Salutations to all the SBM readers. I am Jay Cooke and I would like to thank the SBM staff for giving me the opportunity to start off their sports section. As a guest contributor, I plan on bringing you informative, exciting and conversational sports articles, just like at my site BarronNetwork.com.
I feel like my relationship with SBM is starting at just the right time, from a sports perspective. When the weather starts to turn north, new courtships are soon to follow. March Madness is the equivalent of you meeting a person who you believe to be your soul mate on Thursday. However, on Saturday of that same week, you find out the person is just not that into you but they are really interested in your friend. Same goes with picking tournament winners for your office bracket. You could be at the top of the heap one minute because you correctly picked all the 12-seed versus 5-seed upsets, but the next round Northern Iowa beats Kansas and you are stuck eating a bowl of chocolate ice cream out the carton, and wondering where it all went wrong?
What makes the NCAA Men’s Division I Basketball Championships different from any other sporting event is the idea of it being a single game elimination tournament with the championship game being played the first Monday in April. Single elimination means every play counts. Have you ever been on a first date that was going so well you were sure you were getting lucky on the first night? The chemistry is there, you have laid out all the preliminary work and you are having great conversation. Then you bring up KONY 2012, but she is Ugandan and disappointed with your level of research on the matter. Despite being the best team all season, you never recover from one mistake. That’s what makes the tourney great!
The Big Dance is where NBA stars are born. In the last four years alone, this tourney has showcased and assisted several NBA players in increasing their buzz before the NBA draft. This means larger endorsement deals and jersey sales, while producing future household names. Players like Derek Rose (Chicago Bulls), Kemba Walker (Charlotte Bobcats), Seth Curry (Golden State Warriors), Russell Westbrook (Oklahoma City Thunders) and Kevin Love (Minnesota Timberwolves) have all used the NCAA tournament as a spring board into the NBA Lottery.
On the Sunday when brackets are revealed, everyone becomes a March Madness expert. From President Obama to that annoying co-worker who does not follow sports and makes his/her picks based off the teams name (and somehow wins the office pool). We pretend we know more about Cinderella than the Prince himself. And why should I be any different? If you can make the tough decisions in the first two rounds , which is where most of the upsets happen, I can provide you wisdom on how you can win the whole thing. Yes, I understand the first two rounds are the most critical rounds because of the upset possibility. However, if I could predict the first two rounds of the tournament, I would be a super hero in the sports world.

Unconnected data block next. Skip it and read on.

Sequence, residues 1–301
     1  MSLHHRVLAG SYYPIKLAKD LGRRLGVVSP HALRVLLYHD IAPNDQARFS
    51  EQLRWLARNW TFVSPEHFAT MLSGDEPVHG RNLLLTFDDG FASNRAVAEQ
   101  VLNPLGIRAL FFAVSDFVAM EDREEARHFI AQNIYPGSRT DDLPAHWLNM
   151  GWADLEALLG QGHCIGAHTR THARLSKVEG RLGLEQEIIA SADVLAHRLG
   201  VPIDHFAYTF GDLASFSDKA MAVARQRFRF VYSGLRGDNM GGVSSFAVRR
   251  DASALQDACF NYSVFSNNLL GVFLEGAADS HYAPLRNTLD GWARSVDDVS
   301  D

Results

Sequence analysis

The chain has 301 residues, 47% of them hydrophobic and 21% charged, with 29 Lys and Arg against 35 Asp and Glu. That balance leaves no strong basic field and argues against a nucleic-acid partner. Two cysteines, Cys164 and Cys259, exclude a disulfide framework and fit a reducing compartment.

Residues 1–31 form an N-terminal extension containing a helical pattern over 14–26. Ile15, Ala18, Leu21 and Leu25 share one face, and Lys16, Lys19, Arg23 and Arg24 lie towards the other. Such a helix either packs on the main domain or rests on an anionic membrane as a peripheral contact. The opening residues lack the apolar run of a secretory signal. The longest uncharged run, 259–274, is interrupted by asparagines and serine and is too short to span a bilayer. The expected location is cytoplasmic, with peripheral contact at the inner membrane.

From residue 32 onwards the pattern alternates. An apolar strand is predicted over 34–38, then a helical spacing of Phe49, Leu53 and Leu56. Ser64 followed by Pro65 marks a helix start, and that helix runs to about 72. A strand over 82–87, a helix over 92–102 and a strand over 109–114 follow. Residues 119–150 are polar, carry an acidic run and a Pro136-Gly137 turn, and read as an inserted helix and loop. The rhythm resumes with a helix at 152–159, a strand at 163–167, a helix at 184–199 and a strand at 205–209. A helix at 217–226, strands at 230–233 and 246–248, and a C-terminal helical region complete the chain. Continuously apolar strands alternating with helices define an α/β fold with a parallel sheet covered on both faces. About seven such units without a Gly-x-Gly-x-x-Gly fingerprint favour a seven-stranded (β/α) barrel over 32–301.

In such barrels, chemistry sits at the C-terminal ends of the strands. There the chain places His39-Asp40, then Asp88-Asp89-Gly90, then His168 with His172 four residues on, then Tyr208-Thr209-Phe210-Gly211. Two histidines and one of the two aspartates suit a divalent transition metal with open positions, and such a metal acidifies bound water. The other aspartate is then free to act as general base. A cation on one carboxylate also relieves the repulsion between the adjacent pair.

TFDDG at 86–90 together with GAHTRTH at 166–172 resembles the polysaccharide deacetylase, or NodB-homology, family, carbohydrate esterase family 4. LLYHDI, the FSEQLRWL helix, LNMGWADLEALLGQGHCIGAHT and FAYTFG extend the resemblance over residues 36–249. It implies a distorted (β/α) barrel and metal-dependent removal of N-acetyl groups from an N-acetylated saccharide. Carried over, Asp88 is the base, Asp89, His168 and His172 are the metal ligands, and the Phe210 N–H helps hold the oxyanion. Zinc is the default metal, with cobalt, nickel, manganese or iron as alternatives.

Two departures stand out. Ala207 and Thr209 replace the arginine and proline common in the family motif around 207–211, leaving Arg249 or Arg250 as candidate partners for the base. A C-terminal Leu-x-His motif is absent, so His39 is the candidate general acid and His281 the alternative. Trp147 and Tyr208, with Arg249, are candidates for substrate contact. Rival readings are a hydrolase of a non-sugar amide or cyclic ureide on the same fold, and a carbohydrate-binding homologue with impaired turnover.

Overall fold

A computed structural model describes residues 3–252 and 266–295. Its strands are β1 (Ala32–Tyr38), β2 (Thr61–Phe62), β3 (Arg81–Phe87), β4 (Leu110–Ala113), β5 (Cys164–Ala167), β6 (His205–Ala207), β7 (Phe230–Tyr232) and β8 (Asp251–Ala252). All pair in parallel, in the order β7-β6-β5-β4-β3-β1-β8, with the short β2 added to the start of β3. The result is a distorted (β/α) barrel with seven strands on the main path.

The key to choosing the winner of the tournament is the point guard position. Three of the last four NCAA Men’s Division I Champions have been lead to victory by the play of their point guard:
2011 Connecticut Huskies – Connecticut point guard Kemba Walker led his team with 16 point in the championship game to win the national championship. Kemba received the 2011 NCAA Men’s Division I Most Outstanding Player Award.
2009 North Carolina Tar Heels – North Carolina point guard Ty Lawson set an NCAA championship game record when he had 8 steals to lead UNC to a national title. Ty Lawson was voted the ACC Player of the Year in 2009; this was the first time a point guard won this award since 1978.
2008 Kansas Jayhawks – Kansas point guard Mario Chalmers hit a three point shot with 2.1 seconds remaining to tie the game at 63. Kansas fans now refer to this shot as “Mario’s Miracle”. This shot sent the game to overtime and lead to a Kansas Jayhawks’s national championship over the Derek Rose lead Memphis Tigers. Mario Chambers received the 2008 NCAA Men’s Division I Most Outstanding Player Award.
There is an exception to every rule. One example would be in 2010 when the Duke Blue Devils won the national championship with their point guard not being a focal point. Leave it to Duke to be the flaw to the Jay Cooke March Madness Rule.
The NBA has great story lines this year: the big three in Miami, Kobe Bryant’s chase for number six, the rise of Batman (Durant) and Robin (Westbrook) in Oklahoma City, the Dwight Howard trade saga, the crumbling of the big three in Boston, the golden era of points guards with Derek Rose, Chris Paul, Deron Williams, Rajon Rondo, the unpredictable New York Knicks, the rise of Jeremy Lin and other headlines have made the NBA a household name in this country.
Yet, the Dance brings more excitement to the game of basketball. This year in particular is a great one for brackets. Thanks to the NBA lockout, several top NBA prospects decided not to join the NBA this season, so March is going to provide for even more madness. Good luck in your brackets!
So what do you think SBM world? How did you break down your brackets this year and how many sheets did you fill out? Does your work production decrease at this time of the year like most red blooded Americans? Are you pumped up for this year’s “Dance”? Who are you picking to be break out stars? Most importantly, who do you have winning it all? Please feel free to hit me up for sports advice (basketball, football and baseball), provide feedback on this article, or follow me through the Madness of March @JayC00ke.